Still with its Self-Propelled Modular Transporters (SPMTs) in place, final adjustments may still be underway before welding begins. These large module moves often take place on weekends so as not to disturb the normal daily activities of the shipyard.

Seen from Barrington Street, AOPV3 is now looking like a ship. 

Also in the North End of the harbour CSL Tacoma is getting some maintenance work at Pier 9C.

The work likely involves replacement of the conveyor belts in the self-unloading system. The rubber belts take a lot of wear and tear handling cargoes such as aggregate.

With such a large ship at Pier 9C, the Narrows certainly appear narrower...

...particularly when there is a big ship like Atlantic Sun coming through as there was this afternoon.

The five ACL sister ships are the largest (in terms of tonnage and dimensions) to use the Narrows on a regular basis. There are usually two of the ships in port each week - one eastbound and one westbound on their transatlantic service.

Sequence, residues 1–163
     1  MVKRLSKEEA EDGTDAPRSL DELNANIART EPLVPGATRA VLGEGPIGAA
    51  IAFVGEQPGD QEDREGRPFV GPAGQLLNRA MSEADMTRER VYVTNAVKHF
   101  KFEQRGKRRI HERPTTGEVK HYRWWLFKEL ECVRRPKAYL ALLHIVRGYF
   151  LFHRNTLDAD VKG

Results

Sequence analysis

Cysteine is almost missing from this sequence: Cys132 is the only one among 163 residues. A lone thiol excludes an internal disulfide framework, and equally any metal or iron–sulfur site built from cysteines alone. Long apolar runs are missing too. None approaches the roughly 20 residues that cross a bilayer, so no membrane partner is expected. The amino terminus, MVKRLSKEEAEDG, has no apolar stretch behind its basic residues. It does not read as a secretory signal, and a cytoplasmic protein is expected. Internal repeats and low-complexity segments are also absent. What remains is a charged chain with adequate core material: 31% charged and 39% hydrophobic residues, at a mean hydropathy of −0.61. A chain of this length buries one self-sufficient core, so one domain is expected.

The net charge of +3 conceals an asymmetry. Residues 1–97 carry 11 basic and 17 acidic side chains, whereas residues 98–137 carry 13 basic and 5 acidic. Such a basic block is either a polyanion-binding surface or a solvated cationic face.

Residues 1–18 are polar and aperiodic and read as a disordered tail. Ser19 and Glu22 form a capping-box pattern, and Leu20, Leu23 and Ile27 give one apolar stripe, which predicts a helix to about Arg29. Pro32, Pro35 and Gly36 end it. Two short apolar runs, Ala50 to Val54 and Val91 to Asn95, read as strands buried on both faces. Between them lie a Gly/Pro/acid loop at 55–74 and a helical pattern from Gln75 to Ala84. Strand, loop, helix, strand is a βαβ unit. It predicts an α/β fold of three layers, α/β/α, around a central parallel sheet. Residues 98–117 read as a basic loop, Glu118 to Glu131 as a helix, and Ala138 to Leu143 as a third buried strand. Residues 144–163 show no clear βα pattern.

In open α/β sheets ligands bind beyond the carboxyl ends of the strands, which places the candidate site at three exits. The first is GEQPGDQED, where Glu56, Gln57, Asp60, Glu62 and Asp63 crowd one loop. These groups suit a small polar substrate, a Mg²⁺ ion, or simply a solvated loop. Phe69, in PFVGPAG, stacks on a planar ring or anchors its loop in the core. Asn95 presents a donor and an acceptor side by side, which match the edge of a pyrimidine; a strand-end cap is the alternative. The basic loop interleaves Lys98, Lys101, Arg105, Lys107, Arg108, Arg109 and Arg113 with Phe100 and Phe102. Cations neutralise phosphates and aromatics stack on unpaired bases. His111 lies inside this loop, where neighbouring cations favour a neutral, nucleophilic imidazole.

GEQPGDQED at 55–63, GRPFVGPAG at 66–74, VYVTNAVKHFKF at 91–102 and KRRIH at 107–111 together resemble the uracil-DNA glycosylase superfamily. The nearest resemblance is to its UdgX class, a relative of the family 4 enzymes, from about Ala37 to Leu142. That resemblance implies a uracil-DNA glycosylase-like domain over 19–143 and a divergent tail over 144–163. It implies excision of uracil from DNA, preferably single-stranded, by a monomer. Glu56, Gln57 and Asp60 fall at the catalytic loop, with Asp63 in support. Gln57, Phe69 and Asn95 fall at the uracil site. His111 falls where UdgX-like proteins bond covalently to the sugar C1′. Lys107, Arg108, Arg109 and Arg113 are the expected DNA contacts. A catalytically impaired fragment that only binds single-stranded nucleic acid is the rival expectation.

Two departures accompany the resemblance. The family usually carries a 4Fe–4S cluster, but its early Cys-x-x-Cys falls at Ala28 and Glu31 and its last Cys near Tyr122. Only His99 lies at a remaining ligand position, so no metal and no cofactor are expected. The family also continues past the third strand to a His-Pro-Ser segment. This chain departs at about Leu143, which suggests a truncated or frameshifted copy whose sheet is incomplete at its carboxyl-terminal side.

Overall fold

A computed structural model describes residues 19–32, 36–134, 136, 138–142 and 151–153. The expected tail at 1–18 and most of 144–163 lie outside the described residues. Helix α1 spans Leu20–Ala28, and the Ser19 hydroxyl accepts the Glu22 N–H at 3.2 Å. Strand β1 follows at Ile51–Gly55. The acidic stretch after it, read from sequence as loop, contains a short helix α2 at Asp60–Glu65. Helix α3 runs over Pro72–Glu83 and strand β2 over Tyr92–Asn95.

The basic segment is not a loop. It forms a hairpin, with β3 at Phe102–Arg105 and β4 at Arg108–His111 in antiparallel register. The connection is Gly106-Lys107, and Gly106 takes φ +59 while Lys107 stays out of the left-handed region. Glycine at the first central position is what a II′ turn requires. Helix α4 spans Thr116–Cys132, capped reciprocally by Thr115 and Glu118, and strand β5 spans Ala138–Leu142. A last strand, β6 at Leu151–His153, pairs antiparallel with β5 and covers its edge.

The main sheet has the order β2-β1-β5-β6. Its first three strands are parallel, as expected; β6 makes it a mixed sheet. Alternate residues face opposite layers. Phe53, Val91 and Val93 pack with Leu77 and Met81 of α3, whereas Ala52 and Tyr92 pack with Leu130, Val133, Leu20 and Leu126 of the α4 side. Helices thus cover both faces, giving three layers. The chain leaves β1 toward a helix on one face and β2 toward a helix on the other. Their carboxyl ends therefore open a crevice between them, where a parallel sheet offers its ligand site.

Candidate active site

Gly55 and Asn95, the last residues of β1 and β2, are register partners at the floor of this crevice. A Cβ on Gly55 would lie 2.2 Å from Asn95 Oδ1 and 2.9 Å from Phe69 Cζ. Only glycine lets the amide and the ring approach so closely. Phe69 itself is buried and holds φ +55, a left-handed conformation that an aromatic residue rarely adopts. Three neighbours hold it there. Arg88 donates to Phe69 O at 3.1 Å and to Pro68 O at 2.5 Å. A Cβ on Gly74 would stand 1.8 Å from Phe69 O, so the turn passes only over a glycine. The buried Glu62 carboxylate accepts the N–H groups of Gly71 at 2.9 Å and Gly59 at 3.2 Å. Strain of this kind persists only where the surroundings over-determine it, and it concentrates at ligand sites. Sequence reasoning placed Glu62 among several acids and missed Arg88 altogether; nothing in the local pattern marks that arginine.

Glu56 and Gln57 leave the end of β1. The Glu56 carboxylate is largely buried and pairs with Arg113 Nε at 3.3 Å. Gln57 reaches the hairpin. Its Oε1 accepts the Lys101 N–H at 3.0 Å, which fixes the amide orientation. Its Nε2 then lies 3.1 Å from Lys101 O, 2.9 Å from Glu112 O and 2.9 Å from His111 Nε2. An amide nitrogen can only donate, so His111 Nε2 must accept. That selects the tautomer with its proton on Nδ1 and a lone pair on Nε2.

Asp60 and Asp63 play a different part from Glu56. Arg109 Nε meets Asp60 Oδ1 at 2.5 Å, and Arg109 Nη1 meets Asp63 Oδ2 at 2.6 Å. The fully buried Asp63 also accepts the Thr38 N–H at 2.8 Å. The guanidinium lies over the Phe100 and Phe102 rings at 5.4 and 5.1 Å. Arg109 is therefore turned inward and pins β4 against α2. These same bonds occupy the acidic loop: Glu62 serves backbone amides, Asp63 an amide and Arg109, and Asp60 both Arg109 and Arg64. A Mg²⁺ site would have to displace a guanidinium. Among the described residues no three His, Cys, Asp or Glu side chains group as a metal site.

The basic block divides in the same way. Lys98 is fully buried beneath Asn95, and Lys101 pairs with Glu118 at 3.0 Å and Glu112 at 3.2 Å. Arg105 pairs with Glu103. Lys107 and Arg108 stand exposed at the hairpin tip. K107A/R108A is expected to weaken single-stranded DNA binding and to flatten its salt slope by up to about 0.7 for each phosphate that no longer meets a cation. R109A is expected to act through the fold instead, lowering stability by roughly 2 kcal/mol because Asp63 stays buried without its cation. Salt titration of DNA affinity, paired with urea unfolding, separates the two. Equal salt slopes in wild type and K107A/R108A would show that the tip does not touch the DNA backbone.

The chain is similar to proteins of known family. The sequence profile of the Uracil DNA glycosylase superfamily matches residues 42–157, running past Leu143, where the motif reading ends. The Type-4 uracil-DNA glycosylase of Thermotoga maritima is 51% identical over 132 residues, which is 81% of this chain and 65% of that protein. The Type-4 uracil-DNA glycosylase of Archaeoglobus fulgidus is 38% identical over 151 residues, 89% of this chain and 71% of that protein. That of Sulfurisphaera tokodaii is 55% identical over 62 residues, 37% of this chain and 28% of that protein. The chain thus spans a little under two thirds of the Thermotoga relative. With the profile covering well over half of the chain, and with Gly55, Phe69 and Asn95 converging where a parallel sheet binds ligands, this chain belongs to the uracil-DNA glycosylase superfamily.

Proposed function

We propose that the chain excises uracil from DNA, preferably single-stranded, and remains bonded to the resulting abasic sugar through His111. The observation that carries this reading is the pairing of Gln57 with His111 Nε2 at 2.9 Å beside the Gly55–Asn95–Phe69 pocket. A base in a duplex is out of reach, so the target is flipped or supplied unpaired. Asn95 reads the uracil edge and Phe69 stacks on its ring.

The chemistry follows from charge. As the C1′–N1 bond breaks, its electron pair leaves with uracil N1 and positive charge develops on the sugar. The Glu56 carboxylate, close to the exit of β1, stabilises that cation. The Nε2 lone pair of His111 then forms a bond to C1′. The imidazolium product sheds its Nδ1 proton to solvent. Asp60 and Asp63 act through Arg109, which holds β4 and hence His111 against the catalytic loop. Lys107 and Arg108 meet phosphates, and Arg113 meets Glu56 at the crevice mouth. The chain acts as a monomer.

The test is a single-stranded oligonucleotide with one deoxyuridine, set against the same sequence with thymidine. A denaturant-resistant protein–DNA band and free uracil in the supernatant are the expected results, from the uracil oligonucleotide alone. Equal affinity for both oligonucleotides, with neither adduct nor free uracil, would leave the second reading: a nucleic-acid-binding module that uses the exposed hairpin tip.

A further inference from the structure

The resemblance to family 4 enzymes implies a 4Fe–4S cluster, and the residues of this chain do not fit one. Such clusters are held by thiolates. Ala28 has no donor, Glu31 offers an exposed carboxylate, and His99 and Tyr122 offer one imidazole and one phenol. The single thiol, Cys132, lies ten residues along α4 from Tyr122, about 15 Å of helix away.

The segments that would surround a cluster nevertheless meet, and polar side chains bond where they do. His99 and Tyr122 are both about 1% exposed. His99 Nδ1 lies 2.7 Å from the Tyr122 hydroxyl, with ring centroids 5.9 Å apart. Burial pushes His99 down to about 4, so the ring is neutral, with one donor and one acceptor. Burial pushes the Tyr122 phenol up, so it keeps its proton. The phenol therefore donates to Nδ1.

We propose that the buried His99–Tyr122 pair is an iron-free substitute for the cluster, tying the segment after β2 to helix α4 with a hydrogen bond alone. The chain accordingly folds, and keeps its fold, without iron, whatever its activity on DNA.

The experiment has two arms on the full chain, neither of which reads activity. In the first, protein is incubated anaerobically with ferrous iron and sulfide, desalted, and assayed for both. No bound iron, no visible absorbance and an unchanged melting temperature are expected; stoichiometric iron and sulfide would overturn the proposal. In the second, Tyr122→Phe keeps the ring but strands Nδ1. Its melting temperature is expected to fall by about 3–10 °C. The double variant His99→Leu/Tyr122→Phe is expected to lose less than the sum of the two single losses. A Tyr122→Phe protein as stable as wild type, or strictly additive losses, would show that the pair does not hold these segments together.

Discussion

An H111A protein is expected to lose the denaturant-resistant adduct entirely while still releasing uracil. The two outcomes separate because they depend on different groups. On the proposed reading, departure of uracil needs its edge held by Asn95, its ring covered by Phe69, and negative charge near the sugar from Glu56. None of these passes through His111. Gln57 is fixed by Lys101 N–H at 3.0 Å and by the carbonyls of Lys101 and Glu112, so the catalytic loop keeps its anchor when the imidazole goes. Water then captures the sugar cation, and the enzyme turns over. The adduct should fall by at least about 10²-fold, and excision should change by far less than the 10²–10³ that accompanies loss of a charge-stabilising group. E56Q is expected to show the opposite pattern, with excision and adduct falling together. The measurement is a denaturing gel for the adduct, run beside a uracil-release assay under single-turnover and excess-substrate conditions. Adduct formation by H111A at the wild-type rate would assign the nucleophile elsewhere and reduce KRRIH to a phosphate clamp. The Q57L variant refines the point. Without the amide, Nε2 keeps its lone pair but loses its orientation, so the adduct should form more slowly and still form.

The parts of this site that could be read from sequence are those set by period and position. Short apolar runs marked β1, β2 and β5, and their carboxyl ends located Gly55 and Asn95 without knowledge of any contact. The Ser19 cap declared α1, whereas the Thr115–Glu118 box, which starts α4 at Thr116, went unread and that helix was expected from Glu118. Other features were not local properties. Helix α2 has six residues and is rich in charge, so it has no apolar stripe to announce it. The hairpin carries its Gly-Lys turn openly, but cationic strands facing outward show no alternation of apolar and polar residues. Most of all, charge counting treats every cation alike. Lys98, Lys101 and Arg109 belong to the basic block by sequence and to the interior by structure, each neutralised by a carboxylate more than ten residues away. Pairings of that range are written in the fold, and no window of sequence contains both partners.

Thursday, May 6, 2021

Margaret Brooke starts sea trials

 The second Arctic Offshore Patrol Vessel built by Halifax Shipyard began sea trials this afternoon. With the tugs Atlantic Willow and Atlantic Oak alongside the ship headed to Bedford Basin first for 3.5 hours of adjustments before putting out to sea.

AOPV2, as it is currently called, will be named HMCS Margaret Brooke when it is commissioned by the RCN later this year. It is already wearing its pennant number 431.

The first vessel of the class, HMCS Harry DeWolf AOPV 430 has recently been in southern waters, in the vicinity of Bermuda, after previously carrying out cold weather operations during the winter.

The third AOPV, to be named Max Bernays is still on the hardstand at Halifax Shipyard, minus its bow. The first two megablocks were rolled out January 22 and 23. The bow was expected to be joined in "the spring" of 2021 and a float out planned for November 2021. 

There was a general shutdown and reduced activity for several months in 2020 due to COVID, but the shipyard seems to be working full out these days, with night and weekend work.